SC Order on Release of Cauvery Water

The Supreme Court directed Karnataka to release 6,000 cusecs of Cauvery river water to Tamil Nadu every day till September 27.

The bench of Justice Dipak Misra and Justice Uday Umesh Lalit, giving the direction to Karnataka, also directed the central government to constitute a Cauvery Management Board in four weeks’ time and report to the court with notification of it being set up.

The order for releasing 6,000 cusecs is double the 3,000 cusecs ordered by the Cauvery Supervisory Committee (CSC), but half of the 12,000 cusecs the court had ordered on September 12 for Karnataka to release till September 20.


The sharing of waters of the Kaveri river has been the source of a serious conflict between the two Indian states of Tamil Nadu and Karnataka.

The genesis of this conflict rests in two agreements in 1892 and 1924 between the erstwhile Madras Presidency and Princely State of Mysore.

The 802 kilometres (498 mi) Kaveri river has 44,000 km2 basin area in Tamil Nadu and 32,000 km2 basin area in Karnataka.

Karnataka claims that the British-era agreement was not correct as it did not get its due share of water.

On the other hand, Tamil Nadu believes that it needs the water to sustain extensive farming that has increased because of Karnataka’s commitment to providing sufficient water.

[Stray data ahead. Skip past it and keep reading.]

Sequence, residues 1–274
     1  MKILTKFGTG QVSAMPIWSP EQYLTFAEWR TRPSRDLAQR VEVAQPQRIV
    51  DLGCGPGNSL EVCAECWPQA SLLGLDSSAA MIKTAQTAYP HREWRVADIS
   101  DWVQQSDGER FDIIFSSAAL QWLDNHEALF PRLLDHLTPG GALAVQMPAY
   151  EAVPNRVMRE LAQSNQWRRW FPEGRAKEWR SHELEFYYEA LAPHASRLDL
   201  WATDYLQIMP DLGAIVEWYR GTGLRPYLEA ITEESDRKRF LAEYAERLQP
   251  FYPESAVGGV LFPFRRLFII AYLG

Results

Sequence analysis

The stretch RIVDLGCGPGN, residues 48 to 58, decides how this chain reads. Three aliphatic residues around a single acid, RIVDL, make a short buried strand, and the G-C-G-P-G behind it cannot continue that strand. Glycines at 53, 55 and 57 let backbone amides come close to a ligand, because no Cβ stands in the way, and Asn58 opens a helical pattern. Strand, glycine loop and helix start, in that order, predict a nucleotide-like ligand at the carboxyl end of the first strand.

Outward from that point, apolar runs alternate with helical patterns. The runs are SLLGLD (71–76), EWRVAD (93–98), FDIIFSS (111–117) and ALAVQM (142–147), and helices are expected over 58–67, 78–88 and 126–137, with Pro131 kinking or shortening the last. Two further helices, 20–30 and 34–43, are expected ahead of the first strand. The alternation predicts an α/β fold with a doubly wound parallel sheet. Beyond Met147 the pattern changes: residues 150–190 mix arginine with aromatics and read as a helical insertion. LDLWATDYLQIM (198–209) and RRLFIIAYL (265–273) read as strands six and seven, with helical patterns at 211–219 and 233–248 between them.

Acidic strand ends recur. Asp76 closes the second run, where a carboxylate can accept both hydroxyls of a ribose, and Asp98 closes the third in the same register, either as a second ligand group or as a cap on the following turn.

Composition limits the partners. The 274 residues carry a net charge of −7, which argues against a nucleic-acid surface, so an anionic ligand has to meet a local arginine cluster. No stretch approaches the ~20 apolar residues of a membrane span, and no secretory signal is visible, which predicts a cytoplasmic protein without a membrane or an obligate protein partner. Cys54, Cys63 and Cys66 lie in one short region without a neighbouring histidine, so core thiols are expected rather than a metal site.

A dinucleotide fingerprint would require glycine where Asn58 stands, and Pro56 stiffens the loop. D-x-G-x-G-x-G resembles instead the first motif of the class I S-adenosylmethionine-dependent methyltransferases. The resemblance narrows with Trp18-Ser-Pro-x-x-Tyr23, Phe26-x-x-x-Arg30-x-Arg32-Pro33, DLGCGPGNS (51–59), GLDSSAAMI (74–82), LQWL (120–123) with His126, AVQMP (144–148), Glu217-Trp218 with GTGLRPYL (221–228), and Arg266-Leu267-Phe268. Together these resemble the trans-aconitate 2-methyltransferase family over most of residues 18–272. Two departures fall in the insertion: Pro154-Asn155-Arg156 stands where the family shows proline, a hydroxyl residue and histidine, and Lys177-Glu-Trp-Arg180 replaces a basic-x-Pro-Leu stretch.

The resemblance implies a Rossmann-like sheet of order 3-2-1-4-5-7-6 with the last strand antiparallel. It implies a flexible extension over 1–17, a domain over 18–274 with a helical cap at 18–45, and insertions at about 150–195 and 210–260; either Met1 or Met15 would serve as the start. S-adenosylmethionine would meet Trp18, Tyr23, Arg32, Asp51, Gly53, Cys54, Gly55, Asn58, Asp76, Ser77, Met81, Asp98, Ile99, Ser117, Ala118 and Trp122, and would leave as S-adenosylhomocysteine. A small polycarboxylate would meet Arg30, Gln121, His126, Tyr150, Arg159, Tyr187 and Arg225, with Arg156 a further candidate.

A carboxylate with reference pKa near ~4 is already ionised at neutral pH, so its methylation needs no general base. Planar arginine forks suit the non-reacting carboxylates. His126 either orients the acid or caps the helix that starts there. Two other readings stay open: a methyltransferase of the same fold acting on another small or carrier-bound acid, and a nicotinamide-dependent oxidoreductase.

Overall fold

Karnataka wants to triple its water share from the river, that originates from Kodagu and flows through Karnataka, Tamil Nadu, Puducherry and Kerala, which means there Tamil Nadu’s portion will reduce.

Cauvery Water Tribunal

As both states refused to agree through talks, the Centre constituted the Cauvery Water Tribunal in 1990. After hearing both sides for years, the tribunal in its final award in 2007 gave 419 tmc ft for Tamil Nadu and 270 tmc ft for Karnataka. Kerala was awarded 30 tmc ft and Pondicherry 7 tmc ft.

Both governments challenged the decision in the Supreme Court.

Present agitation:

The dispute escalates when monsoon fails, as there is lesser water to share. And this year, Karnataka and Tamil Nadu have received less than normal rainfall during the monsoon. Karnataka says it cannot release water to TN for agriculture as it needs it for drinking water purposes.